Monday, April 17, 2023

Lettering: Tony Stan, Photo-Lettering Inc. and ITC

Tony Stan was born Antonio L. Stanziola on August 23, 1917, in Brooklyn, New York, according to the New York, New York Birth Index at Stan’s Social Security application said his middle name was Louis and parents were Patsy Stanziola and Frances Speranza, both Italian emigrants. The 1925 New York state census had his father’s name as Pasquale which Stan would use for a type family. 

The 1920 United States Census said Stan was the third of four children. He had an older sister and brother, and a younger brother. The family resided in Brooklyn at 201 Prospect Street. His father worked in shoe factory. In 1925 their address was 203 Prospect Street.

In the 1930 census the Stanziolas lived in Brooklyn at 1450 42nd Street. 

According to the 1940 census, Stan was an artist who earned $772 in 1939. His highest level of education was the fourth year of high school. Stan lived with his parents and siblings at 1458 Thirty-eighth Street in Brooklyn. 

On October 16, 1940, Stan signed his World War II draft card. He lived with his parents in Brooklyn at 1312 42nd Street. His employer was Lawrence Studios, 18 East 48th Street in Manhattan. Stan was described as six feet two inches, 180 pounds with brown eyes and black hair. Later his draft card was updated with a current address, 551 10th Street, Brooklyn. 

Stan enlisted in the Army on November 13, 1942. His occupation was commercial artist who had one year of college. 

In Life with Letters—as They Turned Photogenic (1981), Edward Rondthaler said
Tony Stan, on the other hand, had an entirely different experience. Early in 1942 an omnipotent finger beckoned him from the drawing board to Fort Dix [New Jersey]. That ended his lettering career for the duration.” During his induction Tony insisted to the admitting sergeant that he was a letterer, not a mere sign painter, and for that expression of loyalty to his art the no-nonsense sergeant dumped him into the 11th Armored Division, a tank corps, where he saw the grimmest of action relieved by only one opportunity to use his lettering talent—painting a sign that read “OFFICERS’ LATRINE.” He was in the thick of action in France, Belgium, and even in the notorious Battle of the Bulge. …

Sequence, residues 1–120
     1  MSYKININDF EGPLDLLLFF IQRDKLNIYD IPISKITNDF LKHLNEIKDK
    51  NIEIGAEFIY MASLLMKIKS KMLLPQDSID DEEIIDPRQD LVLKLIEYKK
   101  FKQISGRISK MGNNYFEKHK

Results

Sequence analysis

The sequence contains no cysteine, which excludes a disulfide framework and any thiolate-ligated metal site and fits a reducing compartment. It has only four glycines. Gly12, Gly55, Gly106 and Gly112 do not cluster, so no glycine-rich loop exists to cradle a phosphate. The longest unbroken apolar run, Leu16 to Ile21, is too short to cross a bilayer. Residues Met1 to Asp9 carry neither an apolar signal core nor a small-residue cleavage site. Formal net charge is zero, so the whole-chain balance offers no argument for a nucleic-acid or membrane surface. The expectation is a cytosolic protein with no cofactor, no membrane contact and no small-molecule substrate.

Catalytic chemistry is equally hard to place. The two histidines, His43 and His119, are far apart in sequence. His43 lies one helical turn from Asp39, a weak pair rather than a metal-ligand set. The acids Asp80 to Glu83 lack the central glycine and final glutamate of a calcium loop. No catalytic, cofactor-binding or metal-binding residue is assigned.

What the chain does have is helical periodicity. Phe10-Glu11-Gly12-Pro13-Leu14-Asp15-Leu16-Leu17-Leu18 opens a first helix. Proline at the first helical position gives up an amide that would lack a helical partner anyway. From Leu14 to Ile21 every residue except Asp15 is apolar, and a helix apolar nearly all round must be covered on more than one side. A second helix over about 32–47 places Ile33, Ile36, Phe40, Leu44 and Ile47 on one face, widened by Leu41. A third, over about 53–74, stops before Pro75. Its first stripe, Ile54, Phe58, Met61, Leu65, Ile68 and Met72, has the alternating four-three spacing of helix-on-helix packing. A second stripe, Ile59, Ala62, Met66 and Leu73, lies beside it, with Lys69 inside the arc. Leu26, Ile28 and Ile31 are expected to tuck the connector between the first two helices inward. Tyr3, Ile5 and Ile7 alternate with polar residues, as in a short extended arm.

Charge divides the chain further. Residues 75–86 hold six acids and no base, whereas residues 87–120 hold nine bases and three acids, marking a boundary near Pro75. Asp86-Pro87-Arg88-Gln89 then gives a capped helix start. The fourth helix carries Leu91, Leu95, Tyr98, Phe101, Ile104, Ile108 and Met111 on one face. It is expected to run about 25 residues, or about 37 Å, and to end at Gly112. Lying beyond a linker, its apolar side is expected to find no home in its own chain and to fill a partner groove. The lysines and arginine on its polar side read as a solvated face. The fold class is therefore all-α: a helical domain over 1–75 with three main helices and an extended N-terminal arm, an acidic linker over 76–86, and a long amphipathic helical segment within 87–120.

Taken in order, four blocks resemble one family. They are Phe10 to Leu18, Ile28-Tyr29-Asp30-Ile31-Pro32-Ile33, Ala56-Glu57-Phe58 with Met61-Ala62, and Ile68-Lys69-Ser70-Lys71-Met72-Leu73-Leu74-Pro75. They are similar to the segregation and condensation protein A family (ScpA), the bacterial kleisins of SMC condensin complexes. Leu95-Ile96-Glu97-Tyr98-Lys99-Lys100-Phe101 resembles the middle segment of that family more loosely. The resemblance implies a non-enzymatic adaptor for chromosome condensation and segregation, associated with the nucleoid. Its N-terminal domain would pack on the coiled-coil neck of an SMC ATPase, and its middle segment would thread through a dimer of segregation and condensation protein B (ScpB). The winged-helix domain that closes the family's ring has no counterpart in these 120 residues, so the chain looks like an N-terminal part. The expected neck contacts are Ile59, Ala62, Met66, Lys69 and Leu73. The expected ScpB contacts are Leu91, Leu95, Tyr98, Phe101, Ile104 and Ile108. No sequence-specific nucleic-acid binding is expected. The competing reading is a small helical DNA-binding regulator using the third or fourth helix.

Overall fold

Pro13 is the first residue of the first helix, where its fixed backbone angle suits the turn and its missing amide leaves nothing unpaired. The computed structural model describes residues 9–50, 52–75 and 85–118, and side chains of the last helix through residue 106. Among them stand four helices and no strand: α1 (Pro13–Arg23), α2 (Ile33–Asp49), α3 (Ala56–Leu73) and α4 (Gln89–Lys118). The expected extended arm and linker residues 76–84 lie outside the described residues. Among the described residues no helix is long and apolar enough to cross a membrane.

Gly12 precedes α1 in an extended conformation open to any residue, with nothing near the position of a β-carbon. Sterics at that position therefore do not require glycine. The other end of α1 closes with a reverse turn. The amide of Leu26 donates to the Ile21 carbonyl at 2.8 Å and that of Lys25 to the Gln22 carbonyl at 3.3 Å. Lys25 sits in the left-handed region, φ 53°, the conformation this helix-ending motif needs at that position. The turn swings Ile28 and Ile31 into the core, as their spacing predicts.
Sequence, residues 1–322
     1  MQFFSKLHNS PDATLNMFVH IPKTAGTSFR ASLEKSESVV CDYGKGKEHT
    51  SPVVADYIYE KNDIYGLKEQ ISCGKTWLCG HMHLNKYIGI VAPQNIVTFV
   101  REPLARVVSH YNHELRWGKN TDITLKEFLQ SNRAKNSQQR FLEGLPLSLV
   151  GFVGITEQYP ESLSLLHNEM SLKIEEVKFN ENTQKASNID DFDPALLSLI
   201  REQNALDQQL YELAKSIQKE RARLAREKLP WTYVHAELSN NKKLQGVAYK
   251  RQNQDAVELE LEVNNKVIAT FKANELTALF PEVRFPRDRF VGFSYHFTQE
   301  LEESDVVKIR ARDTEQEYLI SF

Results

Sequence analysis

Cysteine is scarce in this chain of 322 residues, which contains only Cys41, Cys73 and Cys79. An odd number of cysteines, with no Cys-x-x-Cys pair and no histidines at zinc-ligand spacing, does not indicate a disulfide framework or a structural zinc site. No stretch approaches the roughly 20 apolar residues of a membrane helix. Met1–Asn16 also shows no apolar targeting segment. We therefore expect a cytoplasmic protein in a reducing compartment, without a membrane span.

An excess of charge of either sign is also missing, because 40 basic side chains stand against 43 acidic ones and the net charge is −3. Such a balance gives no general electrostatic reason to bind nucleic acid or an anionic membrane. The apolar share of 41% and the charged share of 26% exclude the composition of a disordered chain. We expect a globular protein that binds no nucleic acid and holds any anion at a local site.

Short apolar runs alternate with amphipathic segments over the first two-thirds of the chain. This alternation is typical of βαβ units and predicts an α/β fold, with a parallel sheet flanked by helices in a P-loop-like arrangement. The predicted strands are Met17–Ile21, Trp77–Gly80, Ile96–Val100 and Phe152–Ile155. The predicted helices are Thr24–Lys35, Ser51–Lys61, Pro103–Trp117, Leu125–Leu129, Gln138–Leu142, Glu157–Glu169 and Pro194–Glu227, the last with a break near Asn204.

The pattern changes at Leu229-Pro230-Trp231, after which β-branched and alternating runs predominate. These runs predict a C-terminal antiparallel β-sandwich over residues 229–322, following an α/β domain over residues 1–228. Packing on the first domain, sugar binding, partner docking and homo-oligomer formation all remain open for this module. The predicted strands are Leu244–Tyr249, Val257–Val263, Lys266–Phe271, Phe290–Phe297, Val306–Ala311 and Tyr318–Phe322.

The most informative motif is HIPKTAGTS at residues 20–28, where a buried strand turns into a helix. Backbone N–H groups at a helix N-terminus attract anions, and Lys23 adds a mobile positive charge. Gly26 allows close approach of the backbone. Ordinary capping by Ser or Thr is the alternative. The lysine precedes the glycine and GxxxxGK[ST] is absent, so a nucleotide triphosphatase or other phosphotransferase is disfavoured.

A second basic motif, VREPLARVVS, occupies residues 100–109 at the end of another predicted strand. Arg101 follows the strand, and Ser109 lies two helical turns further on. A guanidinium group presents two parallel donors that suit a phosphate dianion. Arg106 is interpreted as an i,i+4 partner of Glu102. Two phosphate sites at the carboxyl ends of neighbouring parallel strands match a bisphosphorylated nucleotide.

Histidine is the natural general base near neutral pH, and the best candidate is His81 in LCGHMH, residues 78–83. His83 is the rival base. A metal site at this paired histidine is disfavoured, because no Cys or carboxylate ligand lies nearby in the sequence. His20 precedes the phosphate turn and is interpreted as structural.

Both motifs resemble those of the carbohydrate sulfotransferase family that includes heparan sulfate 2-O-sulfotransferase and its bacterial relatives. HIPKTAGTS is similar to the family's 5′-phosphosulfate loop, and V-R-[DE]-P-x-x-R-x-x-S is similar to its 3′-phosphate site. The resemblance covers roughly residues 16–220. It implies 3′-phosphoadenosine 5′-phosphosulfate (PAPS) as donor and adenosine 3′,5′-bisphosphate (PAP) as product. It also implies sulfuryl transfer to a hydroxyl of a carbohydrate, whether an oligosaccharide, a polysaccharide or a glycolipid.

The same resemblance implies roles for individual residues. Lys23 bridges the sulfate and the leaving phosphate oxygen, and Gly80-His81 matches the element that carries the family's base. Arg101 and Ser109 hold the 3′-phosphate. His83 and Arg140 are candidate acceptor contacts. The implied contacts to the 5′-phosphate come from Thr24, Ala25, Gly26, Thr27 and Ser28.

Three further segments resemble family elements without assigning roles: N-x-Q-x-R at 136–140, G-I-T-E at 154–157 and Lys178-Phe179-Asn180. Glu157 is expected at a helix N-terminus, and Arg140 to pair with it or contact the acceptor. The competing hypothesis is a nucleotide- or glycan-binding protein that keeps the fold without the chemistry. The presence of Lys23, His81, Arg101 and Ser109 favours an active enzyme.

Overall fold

Stan (Private Anthony Stanziola) was in the 745th Tank Battalion, Company D. The History of the 745th Tank Battalion, August 1942 to June 1945, said Stan was in the Third Platoon (see pages 26 and 27). 

Thunderbolt: Eleventh Armored Division, “A Natural” was published in 1944. Stan (Private First Class Anthony Stanziola) was credited for the cover and illustrations. The title page illustration was signed Stanziola. Most of the sixteen spots illustrations were initialed AS. The brush lettering may have been Stan’s handiwork (just a few samples below). 

The Department of Veterans Affairs BIRLS Death File, at, said Stan served from March 20, 1942 to January 8, 1946. 

On October 4, 1943, Stan and Sophie Drabicki obtained a marriage license in Brooklyn. They married the following day. 

The 1948 New York City directory listed Stan as an artist at 366 Madison Avenue. 

Stan and his wife sailed from New York City on September 3, 1948. Their destination was Havana, Cuba. 

The 1950 census recorded Stan and his wife in Brooklyn at 551 10th Street, apartment three. He was a freelance artist. Stan’s in-laws were in apartment two. 

The Inland Pinter, October 1952, said 
In The Alphabet Gallery, New York City, October 8 through December, will be an exhibition of hand lettering by Tony Stan, self-taught letterer who serves New York advertising agencies.